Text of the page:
How to build community as a youth worker
RACHEL DOHERTY
Social worker, teacher and the founder of Tweens2teen
Building community helps youth workers spread the load and leave a legacy. But you need to understand three bits of theory to make it work.

Youth work by nature is short term. Young people don’t stay young all that long. Part of being a good youth worker involves equipping them to deal with issues themselves. Building links within the community to support young people looking for solutions.

Good youth work, like other fields in the human services, is about building capacity so your role becomes redundant.

If you’re going to be this sort of youth worker, then a chunk of your work time needs to be set aside to build community. Building relationships, identifying issues that impact the broader community and looking for solutions. And to do that, it helps to know some theory of community work.

“Without a sense of caring there can be no sense of community.”
ANTHONY J D’ANGELO

Understanding the theory of building community

There are three bits of community work theory every youth worker should understand. They’re not tricky, but they can be easy to forget in the day-to-day drill of supporting kids, paperwork and emails.

Seeing the difference between private issues and public ones

Our society tends to see problems as something a person has, not society itself.

If a young person is unable to get work after they finish school, there must be something lacking in them. If a child is experiencing anxiety or depression, the cause is factors in their life. But some of these issues are actually public problems not personal ones.

If there are no jobs for unemployed young people, then that’s a public issue, not only a private one. And if the pressure at school causes anxiety or depression in kids, that could be a public issue too.

Being open to spotting private issues with public roots is the first step to building community. It means you can link people together who have common challenges. You can help them find ways to advocate for change at a community level, instead of a personal one. But spotting these potentially public issues takes some practice.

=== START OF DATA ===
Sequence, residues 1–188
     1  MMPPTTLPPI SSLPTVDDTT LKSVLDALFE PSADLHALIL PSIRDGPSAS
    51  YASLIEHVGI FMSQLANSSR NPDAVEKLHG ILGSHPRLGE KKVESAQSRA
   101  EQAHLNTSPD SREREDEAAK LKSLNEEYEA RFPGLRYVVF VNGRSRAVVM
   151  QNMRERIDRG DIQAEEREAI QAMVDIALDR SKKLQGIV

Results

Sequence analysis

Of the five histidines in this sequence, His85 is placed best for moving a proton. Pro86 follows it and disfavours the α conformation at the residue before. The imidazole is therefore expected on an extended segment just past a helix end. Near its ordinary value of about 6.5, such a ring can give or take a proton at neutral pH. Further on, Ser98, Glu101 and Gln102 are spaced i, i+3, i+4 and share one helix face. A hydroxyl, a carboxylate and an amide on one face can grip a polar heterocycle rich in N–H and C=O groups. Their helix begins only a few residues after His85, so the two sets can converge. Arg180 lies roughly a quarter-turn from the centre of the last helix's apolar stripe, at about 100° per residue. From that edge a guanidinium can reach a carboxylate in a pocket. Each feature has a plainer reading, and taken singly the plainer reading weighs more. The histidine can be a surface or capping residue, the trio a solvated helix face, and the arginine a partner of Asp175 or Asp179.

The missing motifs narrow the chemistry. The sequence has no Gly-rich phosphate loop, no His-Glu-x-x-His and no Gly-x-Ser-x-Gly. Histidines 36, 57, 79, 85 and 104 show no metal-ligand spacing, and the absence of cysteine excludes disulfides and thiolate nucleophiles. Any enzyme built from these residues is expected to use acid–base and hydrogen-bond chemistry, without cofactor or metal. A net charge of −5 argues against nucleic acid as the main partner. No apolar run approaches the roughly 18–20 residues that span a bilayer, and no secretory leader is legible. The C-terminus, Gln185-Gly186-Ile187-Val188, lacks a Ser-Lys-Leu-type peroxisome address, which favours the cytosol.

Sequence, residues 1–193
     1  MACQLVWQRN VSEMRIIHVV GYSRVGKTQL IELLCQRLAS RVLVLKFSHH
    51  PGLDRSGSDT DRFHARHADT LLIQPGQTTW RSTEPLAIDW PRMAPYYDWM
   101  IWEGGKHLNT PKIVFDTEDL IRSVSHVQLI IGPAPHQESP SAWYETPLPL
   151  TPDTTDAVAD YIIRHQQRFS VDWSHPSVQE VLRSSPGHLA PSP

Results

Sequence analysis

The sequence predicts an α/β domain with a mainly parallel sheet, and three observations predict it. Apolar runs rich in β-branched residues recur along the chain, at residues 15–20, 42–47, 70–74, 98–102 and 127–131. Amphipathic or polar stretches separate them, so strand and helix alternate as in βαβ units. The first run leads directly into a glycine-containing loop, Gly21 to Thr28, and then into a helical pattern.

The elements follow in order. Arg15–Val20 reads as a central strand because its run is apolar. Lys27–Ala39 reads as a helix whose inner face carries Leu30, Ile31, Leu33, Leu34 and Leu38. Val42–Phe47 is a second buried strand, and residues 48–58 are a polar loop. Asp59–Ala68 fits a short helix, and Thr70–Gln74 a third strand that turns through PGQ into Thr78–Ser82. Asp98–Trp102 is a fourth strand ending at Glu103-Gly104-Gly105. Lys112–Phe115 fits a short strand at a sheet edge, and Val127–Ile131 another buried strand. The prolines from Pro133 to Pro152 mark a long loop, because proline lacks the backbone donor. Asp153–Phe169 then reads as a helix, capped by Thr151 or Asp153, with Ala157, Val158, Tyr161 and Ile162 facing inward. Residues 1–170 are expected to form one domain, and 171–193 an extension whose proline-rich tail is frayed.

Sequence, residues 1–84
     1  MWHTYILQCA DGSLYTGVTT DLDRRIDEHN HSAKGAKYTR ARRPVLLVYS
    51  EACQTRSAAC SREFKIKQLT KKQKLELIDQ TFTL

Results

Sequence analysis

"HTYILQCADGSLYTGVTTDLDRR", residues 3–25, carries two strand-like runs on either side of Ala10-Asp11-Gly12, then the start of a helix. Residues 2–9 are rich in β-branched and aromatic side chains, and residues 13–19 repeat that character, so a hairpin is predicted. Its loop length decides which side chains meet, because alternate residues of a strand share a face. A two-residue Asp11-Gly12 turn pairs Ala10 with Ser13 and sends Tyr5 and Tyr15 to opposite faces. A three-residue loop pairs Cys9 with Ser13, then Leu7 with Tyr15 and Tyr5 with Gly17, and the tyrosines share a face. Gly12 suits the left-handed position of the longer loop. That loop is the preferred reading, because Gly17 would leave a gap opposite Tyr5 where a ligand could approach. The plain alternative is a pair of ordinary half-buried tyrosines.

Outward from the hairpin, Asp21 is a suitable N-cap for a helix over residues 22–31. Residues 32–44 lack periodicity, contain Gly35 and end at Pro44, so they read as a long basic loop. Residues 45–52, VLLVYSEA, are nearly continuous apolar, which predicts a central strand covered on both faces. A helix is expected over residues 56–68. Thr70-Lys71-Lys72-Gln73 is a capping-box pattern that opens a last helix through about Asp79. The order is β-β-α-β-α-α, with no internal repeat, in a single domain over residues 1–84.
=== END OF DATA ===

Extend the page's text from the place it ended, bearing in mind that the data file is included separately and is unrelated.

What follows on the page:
“The community which has neither poverty nor riches will always have the noblest principles.” – Plato

Building the right relationships

Good community work, and youth work for that matter, is all about relationships. Relationships across the community, and relationships up and down it as well.

You might not realise it, but we all have horizontal and vertical relationships. The more we have of both, the more leverage we have to spot those public issues and do something about them.

Horizontal relationships are equal ones. We have similar standings and expectations of each other. Think of your friendships with people the same age, or those you work alongside. You have a lot in common with these people and share knowledge and experiences.

Vertical relationships are about power. The people at the top have more power and influence than the people at the bottom. With more people being at the bottom than the top. If you build relationships with people lower in the community, you can pick up on public issues. But relationships with people at the top helps to unlock ways of fixing those issues.

Building both horizontal and vertical relationships takes time and lots of networking. If networking is new to you, or something you need to work on, have a look at a couple of my other articles. There’s one on how to network and another on 21 key relationships to build in your community.

Seeing the strengths in your community

The last piece of theory isn’t only for building community. It’s called the strengths approach, and I’ve written an article explaining this one too.

In a nutshell, it’s a glass-half-full approach to seeing people and places. It’s about spotting the resources and energy people have that can make change. They might not be well polished or all that organised, but they’re there.

Building community is about enhancing what already exists. If young people already gather, whether for a good purpose or not, you’ve got a group that can work together. Particularly if they share a public issue.

The same goes for adults. If you see the potential in your community and connect that energy to addressing public issues, real change can take place.

Building community isn’t a quick process. It takes time to build those relationships and networks. You have to get to the point where people will talk about more than the weather and football, and share their challenges in life. Where you can spot the public issues amongst the private ones. And building community is all about seeing the strengths around you. What a community has going for it, and can draw on to solve the issues that hold young people back.

If you’re looking to read more on this topic, a great book to work through is Community Development Practice by Ann Ingamells and her team. It not only looks at the theory of building community but also has plenty of stories to bring it to life.

Have you been building community in your youth work? How do these theories work in real life for you? I’d love you to share your thoughts below.

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